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This paper investigates two fundamental problems in computer vision: contour detection and image segmentation. We present stateoftheart algorithms for both of these tasks. Our contour detector combines multiple local cues into a globalization framework based on spectral clustering. Our segmentation algorithm consists of generic machinery for transforming the output of any contour detector into a hierarchical region tree. In this manner, we reduce the problem of image segmentation to that of contour detection. Extensive experimental evaluation demonstrates that both our contour detection and segmentation methods significantly outperform competing algorithms. The automatically generated hierarchical segmentations can be interactively refined by userspecified annotations. Computation at multiple image resolutions provides a means of coupling our system to recognition applications.
A DoubleLoop Algorithm to Minimize the Bethe and Kikuchi Free Energies
 NEURAL COMPUTATION
, 2001
"... Recent work (Yedidia, Freeman, Weiss [22]) has shown that stable points of belief propagation (BP) algorithms [12] for graphs with loops correspond to extrema of the Bethe free energy [3]. These BP algorithms have been used to obtain good solutions to problems for which alternative algorithms fail t ..."
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Cited by 108 (4 self)
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Recent work (Yedidia, Freeman, Weiss [22]) has shown that stable points of belief propagation (BP) algorithms [12] for graphs with loops correspond to extrema of the Bethe free energy [3]. These BP algorithms have been used to obtain good solutions to problems for which alternative algorithms fail to work [4], [5], [10] [11]. In this paper we rst obtain the dual energy of the Bethe free energy which throws light on the BP algorithm. Next we introduce a discrete iterative algorithm which we prove is guaranteed to converge to a minimum of the Bethe free energy. We call this the doubleloop algorithm because it contains an inner and an outer loop. It extends a class of mean eld theory algorithms developed by [7],[8] and, in particular, [13]. Moreover, the doubleloop algorithm is formally very similar to BP which may help understand when BP converges. Finally, we extend all our results to the Kikuchi approximation which includes the Bethe free energy as a special case [3]. (Yedidia et al [22] showed that a \generalized belief propagation" algorithm also has its xed points at extrema of the Kikuchi free energy). We are able both to obtain a dual formulation for Kikuchi but also obtain a doubleloop discrete iterative algorithm that is guaranteed to converge to a minimum of the Kikuchi free energy. It is anticipated that these doubleloop algorithms will be useful for solving optimization problems in computer vision and other applications.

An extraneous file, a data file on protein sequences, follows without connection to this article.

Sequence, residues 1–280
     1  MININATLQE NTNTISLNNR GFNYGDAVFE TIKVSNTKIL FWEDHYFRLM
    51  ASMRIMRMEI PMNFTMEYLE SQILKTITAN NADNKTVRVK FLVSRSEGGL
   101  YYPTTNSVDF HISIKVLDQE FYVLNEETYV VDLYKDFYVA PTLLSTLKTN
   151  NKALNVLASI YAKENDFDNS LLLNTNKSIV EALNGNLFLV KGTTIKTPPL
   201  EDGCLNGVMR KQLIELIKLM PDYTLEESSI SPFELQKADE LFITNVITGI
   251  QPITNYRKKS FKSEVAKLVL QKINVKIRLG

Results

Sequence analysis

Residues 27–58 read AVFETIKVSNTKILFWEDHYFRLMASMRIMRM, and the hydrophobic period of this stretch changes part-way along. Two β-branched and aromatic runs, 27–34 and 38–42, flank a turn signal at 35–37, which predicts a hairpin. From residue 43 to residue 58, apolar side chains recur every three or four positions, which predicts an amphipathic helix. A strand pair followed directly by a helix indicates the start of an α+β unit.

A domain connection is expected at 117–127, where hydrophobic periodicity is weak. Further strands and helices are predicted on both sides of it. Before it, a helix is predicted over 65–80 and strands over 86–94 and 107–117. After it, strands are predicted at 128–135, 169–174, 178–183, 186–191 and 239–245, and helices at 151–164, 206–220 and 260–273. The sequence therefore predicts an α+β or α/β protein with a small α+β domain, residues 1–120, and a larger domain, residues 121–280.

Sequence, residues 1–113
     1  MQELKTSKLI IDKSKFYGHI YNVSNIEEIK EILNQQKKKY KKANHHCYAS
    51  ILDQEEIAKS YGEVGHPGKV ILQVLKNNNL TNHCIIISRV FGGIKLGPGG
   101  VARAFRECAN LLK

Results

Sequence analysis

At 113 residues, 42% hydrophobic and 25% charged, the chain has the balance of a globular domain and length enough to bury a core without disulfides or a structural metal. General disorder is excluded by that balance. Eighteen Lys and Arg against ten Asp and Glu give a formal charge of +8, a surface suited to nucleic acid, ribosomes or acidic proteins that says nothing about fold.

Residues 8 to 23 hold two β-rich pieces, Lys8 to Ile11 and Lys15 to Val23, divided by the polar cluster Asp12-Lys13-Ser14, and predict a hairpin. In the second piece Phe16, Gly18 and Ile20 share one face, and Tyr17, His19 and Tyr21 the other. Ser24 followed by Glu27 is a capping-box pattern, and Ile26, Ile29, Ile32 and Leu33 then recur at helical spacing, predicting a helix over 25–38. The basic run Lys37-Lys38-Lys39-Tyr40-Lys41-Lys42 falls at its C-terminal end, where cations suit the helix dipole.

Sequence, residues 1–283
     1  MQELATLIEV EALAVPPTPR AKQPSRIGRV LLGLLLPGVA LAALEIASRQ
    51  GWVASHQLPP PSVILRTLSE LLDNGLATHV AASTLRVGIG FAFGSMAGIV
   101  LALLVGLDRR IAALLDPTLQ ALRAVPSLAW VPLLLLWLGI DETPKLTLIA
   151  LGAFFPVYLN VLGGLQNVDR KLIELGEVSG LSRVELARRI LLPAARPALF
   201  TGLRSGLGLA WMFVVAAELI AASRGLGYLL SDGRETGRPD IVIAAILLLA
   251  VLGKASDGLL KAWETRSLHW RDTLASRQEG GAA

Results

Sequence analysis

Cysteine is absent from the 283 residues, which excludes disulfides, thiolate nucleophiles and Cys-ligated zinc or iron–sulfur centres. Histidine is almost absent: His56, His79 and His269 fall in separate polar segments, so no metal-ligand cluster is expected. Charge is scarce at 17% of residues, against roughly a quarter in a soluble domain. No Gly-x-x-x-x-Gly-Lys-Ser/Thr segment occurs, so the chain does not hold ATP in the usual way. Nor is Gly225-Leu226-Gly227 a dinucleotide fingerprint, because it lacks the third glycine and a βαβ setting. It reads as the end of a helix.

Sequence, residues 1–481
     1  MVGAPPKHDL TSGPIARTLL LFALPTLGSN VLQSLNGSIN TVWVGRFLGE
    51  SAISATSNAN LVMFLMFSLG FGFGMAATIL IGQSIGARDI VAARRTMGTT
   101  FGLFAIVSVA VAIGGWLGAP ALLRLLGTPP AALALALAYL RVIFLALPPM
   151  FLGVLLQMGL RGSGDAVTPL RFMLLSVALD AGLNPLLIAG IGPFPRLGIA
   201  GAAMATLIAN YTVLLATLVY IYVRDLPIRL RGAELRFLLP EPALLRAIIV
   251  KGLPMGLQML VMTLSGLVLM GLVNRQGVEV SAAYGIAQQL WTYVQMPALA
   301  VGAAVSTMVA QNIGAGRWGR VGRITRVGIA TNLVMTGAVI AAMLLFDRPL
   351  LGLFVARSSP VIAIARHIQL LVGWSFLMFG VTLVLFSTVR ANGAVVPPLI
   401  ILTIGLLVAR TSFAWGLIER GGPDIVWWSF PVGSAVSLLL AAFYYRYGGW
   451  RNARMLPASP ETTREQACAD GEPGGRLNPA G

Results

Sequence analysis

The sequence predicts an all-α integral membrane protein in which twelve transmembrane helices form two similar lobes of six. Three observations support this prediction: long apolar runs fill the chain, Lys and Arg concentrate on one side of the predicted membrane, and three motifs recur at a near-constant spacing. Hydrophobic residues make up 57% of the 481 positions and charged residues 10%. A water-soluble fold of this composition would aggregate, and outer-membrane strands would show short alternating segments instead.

TreeBased Reparameterization Framework for Analysis of Belief Propagation and Related Algorithms
, 2001
"... We present a treebased reparameterization framework that provides a new conceptual view of a large class of algorithms for computing approximate marginals in graphs with cycles. This class includes the belief propagation or sumproduct algorithm [39, 36], as well as a rich set of variations and ext ..."
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Cited by 102 (22 self)